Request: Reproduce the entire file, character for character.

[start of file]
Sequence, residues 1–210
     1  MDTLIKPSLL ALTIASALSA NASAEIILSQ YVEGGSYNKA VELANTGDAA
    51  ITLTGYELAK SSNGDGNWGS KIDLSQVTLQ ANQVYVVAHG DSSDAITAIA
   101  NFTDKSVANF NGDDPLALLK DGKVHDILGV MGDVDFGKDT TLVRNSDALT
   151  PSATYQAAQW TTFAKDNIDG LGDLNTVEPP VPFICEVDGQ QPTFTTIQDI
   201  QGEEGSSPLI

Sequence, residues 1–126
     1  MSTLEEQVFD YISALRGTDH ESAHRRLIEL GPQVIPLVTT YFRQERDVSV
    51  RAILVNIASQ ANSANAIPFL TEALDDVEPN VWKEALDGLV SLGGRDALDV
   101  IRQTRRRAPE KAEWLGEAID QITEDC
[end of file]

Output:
Sequence, residues 1–210
     1  MDTLIKPSLL ALTIASALSA NASAEIILSQ YVEGGSYNKA VELANTGDAA
    51  ITLTGYELAK SSNGDGNWGS KIDLSQVTLQ ANQVYVVAHG DSSDAITAIA
   101  NFTDKSVANF NGDDPLALLK DGKVHDILGV MGDVDFGKDT TLVRNSDALT
   151  PSATYQAAQW TTFAKDNIDG LGDLNTVEPP VPFICEVDGQ QPTFTTIQDI
   201  QGEEGSSPLI

Sequence, residues 1–126
     1  MSTLEEQVFD YISALRGTDH ESAHRRLIEL GPQVIPLVTT YFRQERDVSV
    51  RAILVNIASQ ANSANAIPFL TEALDDVEPN VWKEALDGLV SLGGRDALDV
   101  IRQTRRRAPE KAEWLGEAID QITEDC